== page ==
Since its accession into the WTO in 2001, China‘s share in global trade has doubled – accounting for 10.38 percent of the world’s merchandise trade exports and 9.43 percent of merchandise trade imports.
For many countries around the world, China is rapidly becoming their most important bilateral trade partner. In 2011, they were the largest exporting/importing partner for 32 and 34 countries respectively.
However, there have been concerns over large trade imbalances between China and the rest of the world. The US in particular has the largest trade deficit in the world with China at $315 billion, more than three times what it was a decade ago.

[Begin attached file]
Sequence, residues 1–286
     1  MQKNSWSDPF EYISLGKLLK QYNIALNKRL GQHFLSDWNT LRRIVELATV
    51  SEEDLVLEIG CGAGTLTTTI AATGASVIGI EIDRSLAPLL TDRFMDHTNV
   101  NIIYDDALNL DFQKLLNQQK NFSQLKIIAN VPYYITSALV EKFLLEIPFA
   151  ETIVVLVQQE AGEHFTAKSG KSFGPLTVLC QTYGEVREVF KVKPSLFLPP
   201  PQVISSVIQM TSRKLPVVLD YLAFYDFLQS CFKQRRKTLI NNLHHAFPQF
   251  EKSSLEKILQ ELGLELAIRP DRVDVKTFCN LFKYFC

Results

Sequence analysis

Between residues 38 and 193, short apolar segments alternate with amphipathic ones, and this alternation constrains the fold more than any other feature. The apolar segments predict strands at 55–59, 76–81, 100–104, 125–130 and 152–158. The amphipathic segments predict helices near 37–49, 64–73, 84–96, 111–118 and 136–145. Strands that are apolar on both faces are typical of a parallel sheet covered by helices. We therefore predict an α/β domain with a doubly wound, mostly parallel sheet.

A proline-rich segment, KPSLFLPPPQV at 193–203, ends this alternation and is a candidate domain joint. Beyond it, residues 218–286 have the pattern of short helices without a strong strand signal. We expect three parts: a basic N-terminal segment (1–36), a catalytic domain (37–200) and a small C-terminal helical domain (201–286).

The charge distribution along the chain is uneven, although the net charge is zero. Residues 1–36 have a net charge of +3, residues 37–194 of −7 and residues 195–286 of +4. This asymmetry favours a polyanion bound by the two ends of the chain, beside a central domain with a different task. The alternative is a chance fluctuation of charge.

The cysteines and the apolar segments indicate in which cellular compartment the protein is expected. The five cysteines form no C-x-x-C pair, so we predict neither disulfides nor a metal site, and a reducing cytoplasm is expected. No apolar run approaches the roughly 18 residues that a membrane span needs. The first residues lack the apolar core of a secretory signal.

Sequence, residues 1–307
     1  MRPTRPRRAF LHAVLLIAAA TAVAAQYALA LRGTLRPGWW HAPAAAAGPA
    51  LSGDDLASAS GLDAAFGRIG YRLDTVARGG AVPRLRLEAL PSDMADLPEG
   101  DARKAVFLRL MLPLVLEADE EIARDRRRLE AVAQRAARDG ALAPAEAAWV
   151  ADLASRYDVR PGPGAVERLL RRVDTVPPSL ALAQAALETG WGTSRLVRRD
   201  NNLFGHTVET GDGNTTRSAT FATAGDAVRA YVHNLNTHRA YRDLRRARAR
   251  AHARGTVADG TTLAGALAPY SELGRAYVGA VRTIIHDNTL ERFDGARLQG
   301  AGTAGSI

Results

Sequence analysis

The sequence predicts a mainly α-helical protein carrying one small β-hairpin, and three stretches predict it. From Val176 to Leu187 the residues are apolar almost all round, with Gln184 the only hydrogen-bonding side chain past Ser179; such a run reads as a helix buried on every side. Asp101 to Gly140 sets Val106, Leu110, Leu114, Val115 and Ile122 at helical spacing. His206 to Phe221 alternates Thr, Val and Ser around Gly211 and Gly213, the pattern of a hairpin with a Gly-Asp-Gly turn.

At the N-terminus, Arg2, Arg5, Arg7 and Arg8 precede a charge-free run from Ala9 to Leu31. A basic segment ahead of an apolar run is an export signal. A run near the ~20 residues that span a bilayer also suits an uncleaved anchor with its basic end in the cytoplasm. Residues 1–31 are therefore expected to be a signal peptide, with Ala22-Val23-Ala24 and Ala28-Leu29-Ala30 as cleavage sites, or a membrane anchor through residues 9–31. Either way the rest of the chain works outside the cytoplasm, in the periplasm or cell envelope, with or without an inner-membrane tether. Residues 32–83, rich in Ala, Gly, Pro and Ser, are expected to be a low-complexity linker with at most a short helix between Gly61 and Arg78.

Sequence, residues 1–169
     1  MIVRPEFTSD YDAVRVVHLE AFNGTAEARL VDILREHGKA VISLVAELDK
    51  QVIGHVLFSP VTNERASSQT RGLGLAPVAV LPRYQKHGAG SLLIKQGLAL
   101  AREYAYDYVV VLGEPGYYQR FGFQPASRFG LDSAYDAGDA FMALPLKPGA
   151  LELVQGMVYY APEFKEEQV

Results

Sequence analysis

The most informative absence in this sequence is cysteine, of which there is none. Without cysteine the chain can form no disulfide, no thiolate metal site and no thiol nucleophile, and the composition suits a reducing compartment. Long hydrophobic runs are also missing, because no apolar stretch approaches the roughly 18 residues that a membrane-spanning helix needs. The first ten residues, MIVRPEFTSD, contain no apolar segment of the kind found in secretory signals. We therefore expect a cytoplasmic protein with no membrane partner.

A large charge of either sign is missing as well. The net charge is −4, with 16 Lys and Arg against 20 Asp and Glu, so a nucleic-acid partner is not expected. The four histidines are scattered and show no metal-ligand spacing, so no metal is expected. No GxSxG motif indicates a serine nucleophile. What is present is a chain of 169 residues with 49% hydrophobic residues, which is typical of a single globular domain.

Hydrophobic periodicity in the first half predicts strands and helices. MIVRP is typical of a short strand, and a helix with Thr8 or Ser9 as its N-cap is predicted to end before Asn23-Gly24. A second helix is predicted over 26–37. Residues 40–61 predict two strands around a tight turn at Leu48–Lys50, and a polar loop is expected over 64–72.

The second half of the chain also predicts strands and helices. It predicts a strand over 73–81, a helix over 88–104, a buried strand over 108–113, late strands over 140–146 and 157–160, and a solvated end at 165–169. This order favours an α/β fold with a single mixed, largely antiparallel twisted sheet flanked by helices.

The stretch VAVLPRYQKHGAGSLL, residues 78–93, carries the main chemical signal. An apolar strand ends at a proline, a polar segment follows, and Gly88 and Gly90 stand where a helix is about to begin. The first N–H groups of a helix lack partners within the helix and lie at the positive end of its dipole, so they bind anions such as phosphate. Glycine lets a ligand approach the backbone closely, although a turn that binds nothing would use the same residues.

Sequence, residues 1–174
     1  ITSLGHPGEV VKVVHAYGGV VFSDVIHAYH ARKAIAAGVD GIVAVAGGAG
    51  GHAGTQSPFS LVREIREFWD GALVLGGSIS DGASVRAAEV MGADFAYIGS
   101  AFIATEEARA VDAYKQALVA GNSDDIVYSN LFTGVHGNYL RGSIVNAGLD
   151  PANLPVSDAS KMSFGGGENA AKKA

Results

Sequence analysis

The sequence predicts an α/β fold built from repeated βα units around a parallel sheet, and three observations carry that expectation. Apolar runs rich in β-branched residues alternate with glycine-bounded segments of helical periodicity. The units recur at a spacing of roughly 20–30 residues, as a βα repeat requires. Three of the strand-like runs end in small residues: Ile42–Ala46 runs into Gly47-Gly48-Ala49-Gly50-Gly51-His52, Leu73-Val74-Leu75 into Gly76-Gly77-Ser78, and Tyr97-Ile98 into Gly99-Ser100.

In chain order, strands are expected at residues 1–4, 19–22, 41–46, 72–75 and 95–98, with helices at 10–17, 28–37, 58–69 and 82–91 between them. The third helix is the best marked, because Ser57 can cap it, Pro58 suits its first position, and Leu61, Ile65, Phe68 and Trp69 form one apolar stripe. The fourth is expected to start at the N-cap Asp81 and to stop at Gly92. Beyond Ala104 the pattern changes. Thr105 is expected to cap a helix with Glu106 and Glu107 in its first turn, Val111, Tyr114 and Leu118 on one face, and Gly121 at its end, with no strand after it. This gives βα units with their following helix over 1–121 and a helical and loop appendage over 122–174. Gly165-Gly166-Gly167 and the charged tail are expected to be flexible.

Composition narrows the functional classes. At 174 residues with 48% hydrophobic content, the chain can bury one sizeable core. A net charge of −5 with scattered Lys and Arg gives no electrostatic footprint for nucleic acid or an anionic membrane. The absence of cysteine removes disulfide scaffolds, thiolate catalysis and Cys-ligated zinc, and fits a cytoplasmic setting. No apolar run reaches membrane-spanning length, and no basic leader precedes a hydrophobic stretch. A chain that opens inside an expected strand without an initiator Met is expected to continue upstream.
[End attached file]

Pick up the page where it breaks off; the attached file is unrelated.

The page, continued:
There have also been a growing number of trade disputes brought against, mainly for dumping, unfair subsidies by the Chinese government, intellectual property and the valuation of the yuan. Nonetheless its WTO entry ensures that the country will remain a key figure in international trade.
Domestically, the Chinese government has been keen to reduce the economy’s reliance on exports and focus on internal consumption. In March 2013, China’s new leadership announced that they would move to recalibrate the economy, acknowledging that there is a “growing conflict between downward pressure on economic growth and excess production capacity.”
Total value of exports: US$2.05 trillion